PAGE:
Ethical Issues in Obtaining Informed Consent for Research from Those Recovering from Acute Mental Health Problems: A Commentary

Research Ethics 3 (4):127-129 (2007)

OBJECTIVE: Questions have been posed about the competence of persons with serious mental illness to consent to participate in clinical research. This study compared competence-related abilities of hospitalized persons with schizophrenia with those of a comparison sample of persons from the community who had never had a psychiatric hospitalization. METHODS: The study participants were administered the MacArthur Competence Assessment Tool for Clinical Research (MacCAT-CR), a structured instrument designed to aid in the assessment of competence to consent to clinical research. The scores of 27 persons who met DSM-IV criteria for schizophrenia who were long-stay patients on a state hospital research ward were compared with those of 24 individuals from the community who were of similar age, gender, race, and socioeconomic status. RESULTS: Significant differences were found between the patients and the community sample on three measures of competence-related abilities: understanding, reasoning, and appreciation. Degree of psychopathology and cognitive functioning were significantly negatively correlated with understanding and appreciation among the patients with schizophrenia. Length of hospitalization was significantly negatively correlated with all measures of decision-making capacities. CONCLUSIONS: The generally poor performance of the long-stay patients with chronic schizophrenia highlights the difficulties this group is likely to encounter in providing consent to research. However, variation across the sample points to the need for individualized assessment and for validated techniques for facilitating decision making in the face of decisional impairments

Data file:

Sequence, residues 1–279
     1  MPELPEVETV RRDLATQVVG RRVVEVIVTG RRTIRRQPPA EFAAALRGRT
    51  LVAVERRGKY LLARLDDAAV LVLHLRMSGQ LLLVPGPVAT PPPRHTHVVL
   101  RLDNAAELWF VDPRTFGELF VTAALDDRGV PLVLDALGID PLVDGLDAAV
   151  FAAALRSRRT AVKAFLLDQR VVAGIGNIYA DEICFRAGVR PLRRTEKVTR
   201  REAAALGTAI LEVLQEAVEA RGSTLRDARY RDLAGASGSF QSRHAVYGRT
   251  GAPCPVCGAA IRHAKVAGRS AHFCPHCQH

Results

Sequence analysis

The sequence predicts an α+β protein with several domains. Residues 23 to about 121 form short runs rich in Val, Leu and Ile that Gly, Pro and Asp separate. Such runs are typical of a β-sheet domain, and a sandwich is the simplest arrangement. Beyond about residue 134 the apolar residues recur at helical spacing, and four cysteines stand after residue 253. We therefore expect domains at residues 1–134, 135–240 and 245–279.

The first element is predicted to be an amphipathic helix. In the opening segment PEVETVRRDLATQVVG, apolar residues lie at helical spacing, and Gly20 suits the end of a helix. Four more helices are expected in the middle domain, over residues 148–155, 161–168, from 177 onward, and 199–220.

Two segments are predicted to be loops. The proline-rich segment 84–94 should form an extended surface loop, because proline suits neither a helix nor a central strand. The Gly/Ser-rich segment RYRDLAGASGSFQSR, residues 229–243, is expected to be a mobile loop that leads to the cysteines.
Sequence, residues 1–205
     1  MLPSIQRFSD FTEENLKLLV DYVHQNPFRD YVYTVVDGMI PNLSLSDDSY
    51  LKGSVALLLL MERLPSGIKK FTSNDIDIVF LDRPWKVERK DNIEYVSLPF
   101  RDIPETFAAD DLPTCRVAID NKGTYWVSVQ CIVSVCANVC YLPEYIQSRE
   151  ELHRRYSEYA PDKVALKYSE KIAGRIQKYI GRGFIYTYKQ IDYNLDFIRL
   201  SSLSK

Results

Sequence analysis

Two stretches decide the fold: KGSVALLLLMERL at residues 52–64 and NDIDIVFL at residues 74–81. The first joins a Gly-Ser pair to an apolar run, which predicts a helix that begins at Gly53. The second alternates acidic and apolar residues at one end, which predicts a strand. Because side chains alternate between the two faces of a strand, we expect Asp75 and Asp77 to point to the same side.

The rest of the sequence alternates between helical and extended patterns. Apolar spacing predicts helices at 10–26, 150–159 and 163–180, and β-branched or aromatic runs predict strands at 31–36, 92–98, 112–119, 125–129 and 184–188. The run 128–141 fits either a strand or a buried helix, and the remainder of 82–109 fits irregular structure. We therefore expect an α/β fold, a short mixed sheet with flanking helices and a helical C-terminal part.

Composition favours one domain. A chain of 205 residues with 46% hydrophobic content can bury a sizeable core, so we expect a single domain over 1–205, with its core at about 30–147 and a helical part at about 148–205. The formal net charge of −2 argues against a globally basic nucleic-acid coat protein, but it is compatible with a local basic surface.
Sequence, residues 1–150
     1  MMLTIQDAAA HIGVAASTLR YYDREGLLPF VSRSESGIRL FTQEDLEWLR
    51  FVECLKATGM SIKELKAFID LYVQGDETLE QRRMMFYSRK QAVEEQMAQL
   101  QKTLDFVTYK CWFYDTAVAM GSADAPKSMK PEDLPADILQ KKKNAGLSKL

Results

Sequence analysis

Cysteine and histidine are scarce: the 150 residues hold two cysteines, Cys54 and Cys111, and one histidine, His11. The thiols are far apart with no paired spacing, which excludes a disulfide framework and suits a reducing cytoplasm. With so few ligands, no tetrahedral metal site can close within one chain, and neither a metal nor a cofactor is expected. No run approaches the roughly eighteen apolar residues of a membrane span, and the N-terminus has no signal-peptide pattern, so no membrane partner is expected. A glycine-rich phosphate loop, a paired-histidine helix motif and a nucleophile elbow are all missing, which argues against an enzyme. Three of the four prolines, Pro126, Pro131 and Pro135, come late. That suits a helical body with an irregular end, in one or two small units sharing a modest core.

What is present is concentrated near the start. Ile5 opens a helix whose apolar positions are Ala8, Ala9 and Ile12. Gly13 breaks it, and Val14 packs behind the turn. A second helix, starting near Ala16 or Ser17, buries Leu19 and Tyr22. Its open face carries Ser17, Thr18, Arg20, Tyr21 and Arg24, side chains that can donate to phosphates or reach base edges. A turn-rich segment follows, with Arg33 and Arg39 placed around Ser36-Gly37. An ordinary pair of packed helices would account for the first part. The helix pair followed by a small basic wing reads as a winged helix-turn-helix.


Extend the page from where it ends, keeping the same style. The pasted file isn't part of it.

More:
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DOI 10.1177/174701610700300406
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